Working with See the Person, Doing Care Differently
SYHA is committed to finding and delivering solutions to complex health and social care problems. We strongly believe that those problems cannot be solved without hearing and involving those who receive public services. Homecare is an area of health and social care that is particularly challenging for everyone involved. SYHA bravely decided to enter the homecare market, not just with a view to establishing a commercial business but with the intention to contribute to tackling a complex nationwide health and social care problem that affects directly or indirectly most of our community. SYHA wants to challenge the current model and culture around the commissioning and delivering of domiciliary care for older people.
The self-funded pilot aims to set up and lead a new SYHA Home Care Service to test and learn from radically kind approaches to home care. We want to learn and evidence what works so we can expand and share this approach. We want to deliver a high quality service that improves the lives of customers and employees and trail blaze an approach that shows that putting people first saves the health and social care system money. We want to embrace creativity, technology, local communities and volunteers to support a lithe, flexible and smart approach to delivery that will demonstrate that things can be done sustainably whilst still keeping kindness paramount. Our vision is to deliver an ethical, innovative and sustainable service that continues well beyond the 12 month pilot.
The Co:Create and Enterprise Team worked together to speak to the local community and potential staff and customers about what kindness in homecare meant to them. We hosted a ‘Kindness Christmas Tree’ event in Stocksbridge and asked people to hang on the tree how we can bring kindness to homecare. We also hosted a fun and food event at a local sheltered housing scheme in Stocksbridge to gather views.
This is what the people of Stocksbridge said:
“I think the most important thing is to tackle isolation.”
“I want my Mum to have contact with the outside world.”
“More flexibility from carers to get calls and come out when needed.”
“For my loved one to be looked after and respected as well as someone would look after their own family member.”
We asked where older people feel that we should invest in care and the top three things they said were:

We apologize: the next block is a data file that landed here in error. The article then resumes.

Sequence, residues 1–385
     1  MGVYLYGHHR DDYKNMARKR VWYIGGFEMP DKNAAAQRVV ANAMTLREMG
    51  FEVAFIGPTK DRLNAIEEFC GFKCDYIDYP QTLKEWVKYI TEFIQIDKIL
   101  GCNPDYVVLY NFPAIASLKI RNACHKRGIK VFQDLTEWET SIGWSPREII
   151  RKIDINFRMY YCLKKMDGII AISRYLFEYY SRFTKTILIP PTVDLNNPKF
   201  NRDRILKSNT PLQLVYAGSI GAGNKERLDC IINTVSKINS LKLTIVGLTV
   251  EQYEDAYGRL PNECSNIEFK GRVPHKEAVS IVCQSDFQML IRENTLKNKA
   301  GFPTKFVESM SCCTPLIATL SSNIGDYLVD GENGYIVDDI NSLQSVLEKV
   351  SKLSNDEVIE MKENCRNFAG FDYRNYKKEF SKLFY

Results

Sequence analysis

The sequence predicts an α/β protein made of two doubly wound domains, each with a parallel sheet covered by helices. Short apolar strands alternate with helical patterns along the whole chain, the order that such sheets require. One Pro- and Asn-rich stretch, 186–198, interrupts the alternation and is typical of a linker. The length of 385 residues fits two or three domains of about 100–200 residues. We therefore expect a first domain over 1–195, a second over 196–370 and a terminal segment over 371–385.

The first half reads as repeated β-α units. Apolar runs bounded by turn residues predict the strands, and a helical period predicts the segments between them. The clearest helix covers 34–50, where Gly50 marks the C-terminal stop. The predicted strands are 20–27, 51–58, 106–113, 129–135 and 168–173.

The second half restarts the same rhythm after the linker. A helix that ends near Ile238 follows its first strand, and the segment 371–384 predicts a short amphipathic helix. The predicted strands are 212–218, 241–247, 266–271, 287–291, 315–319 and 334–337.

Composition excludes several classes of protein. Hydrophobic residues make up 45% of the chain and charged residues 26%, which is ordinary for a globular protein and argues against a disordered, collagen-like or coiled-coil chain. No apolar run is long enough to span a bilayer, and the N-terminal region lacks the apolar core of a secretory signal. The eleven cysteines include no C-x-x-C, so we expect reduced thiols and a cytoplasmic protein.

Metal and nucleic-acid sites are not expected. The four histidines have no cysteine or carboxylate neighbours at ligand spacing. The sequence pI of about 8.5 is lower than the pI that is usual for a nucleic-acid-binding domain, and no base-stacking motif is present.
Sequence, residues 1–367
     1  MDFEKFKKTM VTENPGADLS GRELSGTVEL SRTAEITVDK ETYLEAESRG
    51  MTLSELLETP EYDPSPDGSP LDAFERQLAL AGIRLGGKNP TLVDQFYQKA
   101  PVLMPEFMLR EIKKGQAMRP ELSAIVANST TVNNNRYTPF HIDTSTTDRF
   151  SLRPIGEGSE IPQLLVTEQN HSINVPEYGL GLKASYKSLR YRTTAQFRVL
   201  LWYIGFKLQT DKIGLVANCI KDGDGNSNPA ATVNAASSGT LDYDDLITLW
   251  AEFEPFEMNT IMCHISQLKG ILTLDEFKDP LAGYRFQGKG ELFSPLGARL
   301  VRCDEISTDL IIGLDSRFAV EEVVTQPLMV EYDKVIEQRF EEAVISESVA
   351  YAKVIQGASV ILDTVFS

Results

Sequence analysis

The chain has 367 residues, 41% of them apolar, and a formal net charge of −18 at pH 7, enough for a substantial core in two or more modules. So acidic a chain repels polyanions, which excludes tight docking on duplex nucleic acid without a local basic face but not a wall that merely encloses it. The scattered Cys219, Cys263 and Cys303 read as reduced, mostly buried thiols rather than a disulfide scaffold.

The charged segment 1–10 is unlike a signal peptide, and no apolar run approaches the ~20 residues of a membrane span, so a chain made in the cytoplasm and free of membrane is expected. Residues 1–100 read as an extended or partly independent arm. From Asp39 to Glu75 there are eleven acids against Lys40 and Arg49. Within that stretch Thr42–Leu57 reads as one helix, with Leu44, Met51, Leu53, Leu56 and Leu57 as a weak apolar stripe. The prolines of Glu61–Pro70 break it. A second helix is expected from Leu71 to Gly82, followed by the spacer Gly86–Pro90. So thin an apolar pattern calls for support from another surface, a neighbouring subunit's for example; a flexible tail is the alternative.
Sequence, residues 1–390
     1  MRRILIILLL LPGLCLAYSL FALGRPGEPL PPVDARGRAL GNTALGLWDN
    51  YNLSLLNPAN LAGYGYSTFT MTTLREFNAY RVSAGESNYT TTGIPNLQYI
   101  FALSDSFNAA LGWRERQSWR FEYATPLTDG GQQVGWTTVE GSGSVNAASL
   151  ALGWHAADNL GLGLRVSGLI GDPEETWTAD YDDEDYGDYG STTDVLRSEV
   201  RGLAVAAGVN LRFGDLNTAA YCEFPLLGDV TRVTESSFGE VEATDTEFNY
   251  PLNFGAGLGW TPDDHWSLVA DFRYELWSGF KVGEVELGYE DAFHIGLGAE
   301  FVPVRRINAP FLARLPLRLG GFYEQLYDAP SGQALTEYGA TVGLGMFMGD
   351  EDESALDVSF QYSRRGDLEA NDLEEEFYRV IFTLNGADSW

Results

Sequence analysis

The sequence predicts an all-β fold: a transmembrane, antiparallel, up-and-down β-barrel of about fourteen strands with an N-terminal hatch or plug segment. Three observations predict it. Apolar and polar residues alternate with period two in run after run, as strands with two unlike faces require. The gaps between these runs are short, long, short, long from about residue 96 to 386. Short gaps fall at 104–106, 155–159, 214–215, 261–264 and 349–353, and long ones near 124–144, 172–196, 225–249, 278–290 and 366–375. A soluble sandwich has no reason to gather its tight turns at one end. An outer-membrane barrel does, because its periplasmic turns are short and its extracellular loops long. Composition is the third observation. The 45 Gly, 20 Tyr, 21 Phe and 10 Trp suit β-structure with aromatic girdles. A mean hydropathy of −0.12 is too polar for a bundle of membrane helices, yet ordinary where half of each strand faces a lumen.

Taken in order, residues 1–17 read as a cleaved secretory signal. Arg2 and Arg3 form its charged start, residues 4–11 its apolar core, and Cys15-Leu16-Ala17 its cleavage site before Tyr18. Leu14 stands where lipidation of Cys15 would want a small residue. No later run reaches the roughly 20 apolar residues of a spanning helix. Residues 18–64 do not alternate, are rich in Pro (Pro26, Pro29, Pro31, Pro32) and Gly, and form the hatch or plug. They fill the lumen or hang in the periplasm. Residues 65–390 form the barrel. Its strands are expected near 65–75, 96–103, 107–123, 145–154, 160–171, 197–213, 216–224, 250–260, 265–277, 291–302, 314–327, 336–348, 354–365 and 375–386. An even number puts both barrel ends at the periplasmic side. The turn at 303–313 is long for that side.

1. More support for their family
2. More investment in the staff
3. Longer appointments
We have also spoken to people who have received and delivered care about their experiences:
“I was sent some carers after a stay in hospital but they talked to me like I was a child so I sent them home. A service like this one which sees you as a person, not simply as an old person who can’t do certain things, is desperately needed.”
Ann, 76. Sheffield.
We have been keen to support all the stakeholders that are challenged in this sector so we have also engaged with local commissioners. We hosted an evaluation workshop to discuss what are the key challenges and opportunities in commissioning, designing and delivering homecare differently.
The key themes that came out of this workshop were the commissioners wanting a service that felt ‘human’ to everyone involved from staff to clients. They felt that the service needed to be affordable for everyone, joined up with local health and social care teams and local partners, flexible and replicable.
The End/Next Steps
Launching in July 2018, ‘See the Person’ homecare service aims to prove that a service that invests in staff, kindness and time with customers and those that care and support them can deliver an impeccable service which can ultimately save the local health and social care system money.
See the Person will deliver a service inspired by the world renowned Buurtzorg Model which was founded by Jos de Blok. Jos was a district nurse who set out to transform district nursing in the Netherlands. You can see this brought to life on our website here www.seethepersoncare.co.uk.
SYHA has recruited Registered Manager Chris Tanner because he is someone whose values and vision reflects the vision of this project. “I started in the sector with a small private homecare provider that had a wonderful ethos of going the extra mile for our clients and staff, and saw first-hand the difference that makes to everybody’s wellbeing.”
“I have also worked for larger corporate providers and have seen the consequences of commodifying care. There’s also the fact that everybody seemed to be “doing care” in the same way – the same structures, same processes, same approaches – only with less resources. This inevitably leads to cost-cutting measures that are only detrimental to the quality of care being delivered, and in turn, the quality-of-life for clients, their carers and staff.”
“I am positive that See the Person will demonstrate that high-quality care, delivered by well-trained and supported teams embedded in local communities will make a real difference to people’s lives, and that before long it will re-shape the homecare sector in the UK.”